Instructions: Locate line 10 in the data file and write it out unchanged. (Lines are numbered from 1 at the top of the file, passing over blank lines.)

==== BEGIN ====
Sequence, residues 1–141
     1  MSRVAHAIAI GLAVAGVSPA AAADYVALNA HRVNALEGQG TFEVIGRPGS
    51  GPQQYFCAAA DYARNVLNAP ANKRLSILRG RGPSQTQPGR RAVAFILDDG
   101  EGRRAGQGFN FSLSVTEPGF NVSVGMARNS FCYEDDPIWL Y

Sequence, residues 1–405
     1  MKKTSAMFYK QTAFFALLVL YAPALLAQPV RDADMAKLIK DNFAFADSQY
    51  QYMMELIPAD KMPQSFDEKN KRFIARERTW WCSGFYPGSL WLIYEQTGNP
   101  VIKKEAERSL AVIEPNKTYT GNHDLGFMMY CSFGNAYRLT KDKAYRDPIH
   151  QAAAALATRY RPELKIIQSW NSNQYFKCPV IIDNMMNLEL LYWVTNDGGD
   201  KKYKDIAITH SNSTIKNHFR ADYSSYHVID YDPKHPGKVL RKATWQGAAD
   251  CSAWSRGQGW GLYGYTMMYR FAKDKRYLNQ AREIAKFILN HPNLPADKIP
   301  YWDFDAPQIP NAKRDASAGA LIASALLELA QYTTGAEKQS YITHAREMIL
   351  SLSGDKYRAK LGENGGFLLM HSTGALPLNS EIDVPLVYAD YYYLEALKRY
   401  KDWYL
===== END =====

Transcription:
   201  KKYKDIAITH SNSTIKNHFR ADYSSYHVID YDPKHPGKVL RKATWQGAAD